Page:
We disdain customers who reply to a mass e-mail. "They should know better," we think. "This is obviously not sent by a real human being, so they shouldn't expect a response. We have contact information on our Web site."
The main concern at budget time is expense without a hard ROI. As any call center manager will tell you, the corporate directive is to cut costs, not capitalize on opportunities to nurture or rescue customer relationships. But a successful salesman tells me that if you fix a problem for an unhappy customer, he or she is loyal for life.
How are you handling your e-mail replies? Do customers get a canned "no one is home" response or, worse, no response at all? Does a computer answer them or a real human being?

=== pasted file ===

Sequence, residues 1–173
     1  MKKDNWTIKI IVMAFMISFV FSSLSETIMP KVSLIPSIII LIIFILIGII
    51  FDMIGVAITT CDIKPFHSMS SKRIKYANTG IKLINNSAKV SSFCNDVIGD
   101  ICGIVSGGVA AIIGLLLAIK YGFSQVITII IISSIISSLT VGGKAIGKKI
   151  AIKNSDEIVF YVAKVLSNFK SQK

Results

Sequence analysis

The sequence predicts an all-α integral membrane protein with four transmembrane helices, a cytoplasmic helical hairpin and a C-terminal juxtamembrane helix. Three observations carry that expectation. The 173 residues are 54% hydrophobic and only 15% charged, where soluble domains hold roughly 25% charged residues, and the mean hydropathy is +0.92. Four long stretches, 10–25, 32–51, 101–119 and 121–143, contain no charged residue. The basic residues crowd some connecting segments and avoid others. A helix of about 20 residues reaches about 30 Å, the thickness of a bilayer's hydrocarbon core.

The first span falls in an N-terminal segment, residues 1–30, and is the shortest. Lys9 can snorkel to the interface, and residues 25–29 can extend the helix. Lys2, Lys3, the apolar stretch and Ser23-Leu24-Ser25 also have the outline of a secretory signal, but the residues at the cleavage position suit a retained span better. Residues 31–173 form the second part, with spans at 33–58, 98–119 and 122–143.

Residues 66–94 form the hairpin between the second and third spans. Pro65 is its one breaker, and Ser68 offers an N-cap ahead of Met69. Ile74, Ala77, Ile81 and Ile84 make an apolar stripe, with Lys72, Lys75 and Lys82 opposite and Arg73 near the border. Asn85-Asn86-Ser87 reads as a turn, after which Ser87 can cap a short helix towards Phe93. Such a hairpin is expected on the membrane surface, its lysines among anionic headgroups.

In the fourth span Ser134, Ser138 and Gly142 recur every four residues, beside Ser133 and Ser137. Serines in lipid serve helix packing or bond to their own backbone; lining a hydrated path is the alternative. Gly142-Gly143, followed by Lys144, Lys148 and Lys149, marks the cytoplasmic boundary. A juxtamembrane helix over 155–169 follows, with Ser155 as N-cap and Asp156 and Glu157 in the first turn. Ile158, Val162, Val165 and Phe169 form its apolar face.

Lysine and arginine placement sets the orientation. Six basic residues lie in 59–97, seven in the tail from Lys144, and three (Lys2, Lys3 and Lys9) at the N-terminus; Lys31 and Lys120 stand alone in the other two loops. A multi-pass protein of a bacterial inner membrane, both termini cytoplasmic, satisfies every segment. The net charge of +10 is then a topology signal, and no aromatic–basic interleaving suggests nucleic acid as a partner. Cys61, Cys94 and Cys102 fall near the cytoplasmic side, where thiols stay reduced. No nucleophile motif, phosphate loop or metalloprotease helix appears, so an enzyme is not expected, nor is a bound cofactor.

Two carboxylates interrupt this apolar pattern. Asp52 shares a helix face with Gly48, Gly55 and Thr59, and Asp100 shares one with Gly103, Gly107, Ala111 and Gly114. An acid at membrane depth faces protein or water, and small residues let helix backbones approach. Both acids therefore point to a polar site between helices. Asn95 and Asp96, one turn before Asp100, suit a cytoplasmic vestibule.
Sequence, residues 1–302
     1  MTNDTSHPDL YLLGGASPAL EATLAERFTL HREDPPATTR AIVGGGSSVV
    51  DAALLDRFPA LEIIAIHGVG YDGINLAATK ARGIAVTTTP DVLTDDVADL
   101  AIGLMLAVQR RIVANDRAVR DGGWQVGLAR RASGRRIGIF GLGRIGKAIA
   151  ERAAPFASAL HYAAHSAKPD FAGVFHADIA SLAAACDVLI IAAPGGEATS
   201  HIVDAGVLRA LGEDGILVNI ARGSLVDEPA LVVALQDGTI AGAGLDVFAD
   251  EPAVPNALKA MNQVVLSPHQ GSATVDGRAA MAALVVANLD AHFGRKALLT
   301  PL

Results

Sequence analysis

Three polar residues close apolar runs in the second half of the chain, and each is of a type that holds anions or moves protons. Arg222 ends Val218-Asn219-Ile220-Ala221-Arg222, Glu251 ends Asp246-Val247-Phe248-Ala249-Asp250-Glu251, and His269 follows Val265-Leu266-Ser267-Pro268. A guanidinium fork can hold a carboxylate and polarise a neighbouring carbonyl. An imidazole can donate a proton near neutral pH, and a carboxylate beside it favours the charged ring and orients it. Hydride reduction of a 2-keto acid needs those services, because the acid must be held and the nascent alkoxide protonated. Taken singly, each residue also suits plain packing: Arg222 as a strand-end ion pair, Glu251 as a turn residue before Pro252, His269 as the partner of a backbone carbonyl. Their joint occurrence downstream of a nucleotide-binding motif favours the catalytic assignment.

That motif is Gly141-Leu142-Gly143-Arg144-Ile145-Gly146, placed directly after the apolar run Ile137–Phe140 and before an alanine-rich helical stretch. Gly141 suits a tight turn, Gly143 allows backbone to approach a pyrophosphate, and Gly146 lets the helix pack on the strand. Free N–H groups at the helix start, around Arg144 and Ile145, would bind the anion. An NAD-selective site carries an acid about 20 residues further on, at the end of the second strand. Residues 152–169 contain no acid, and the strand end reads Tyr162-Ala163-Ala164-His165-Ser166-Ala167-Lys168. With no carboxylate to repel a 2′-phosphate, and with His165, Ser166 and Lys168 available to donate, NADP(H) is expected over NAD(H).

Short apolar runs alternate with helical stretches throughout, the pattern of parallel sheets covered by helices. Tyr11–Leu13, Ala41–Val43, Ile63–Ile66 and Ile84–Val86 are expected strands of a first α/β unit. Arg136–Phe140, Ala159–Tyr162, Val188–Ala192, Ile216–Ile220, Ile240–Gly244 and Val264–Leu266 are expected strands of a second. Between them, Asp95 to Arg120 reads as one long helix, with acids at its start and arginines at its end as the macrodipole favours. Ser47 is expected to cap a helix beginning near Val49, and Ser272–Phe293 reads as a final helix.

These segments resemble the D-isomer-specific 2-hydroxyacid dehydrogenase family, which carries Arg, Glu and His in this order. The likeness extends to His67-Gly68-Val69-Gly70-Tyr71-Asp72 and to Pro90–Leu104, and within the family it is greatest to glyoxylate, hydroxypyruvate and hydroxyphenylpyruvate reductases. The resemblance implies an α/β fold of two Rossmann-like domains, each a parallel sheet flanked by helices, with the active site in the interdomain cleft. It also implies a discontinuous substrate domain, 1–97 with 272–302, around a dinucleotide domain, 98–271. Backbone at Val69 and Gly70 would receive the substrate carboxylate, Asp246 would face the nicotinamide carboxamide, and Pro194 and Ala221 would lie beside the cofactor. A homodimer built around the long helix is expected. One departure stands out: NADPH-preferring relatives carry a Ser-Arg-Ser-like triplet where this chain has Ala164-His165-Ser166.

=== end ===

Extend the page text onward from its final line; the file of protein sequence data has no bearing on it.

Consider the worst-case scenario: a customer sends a complaint e-mail, receives no reply or an inappropriate reply, and the next day gets a marketing e-mail. Nothing says "just shut up and buy" more effectively. Remember that at that moment, your e-mail IS your company, from the customer's perspective.
Then consider the best case scenario: customers are so surprised by a helpful response from a real person that they tell people about it. As great service becomes rarer, it is more likely to become a topic of conversation. With the diffusion of blogs, the audience for these conversations, both positive and negative, can be vast. Check with the Word of Mouth Marketing Association (www.womma.org) for some examples.
Yes, it's expensive to respond to the few customers who provide feedback by replying to e-mail. But the payoff--an interactive dialogue with and better understanding of your customers--makes it worthwhile, in terms of great word-of-mouth marketing and fulfillment of e-mail's promise to senior management.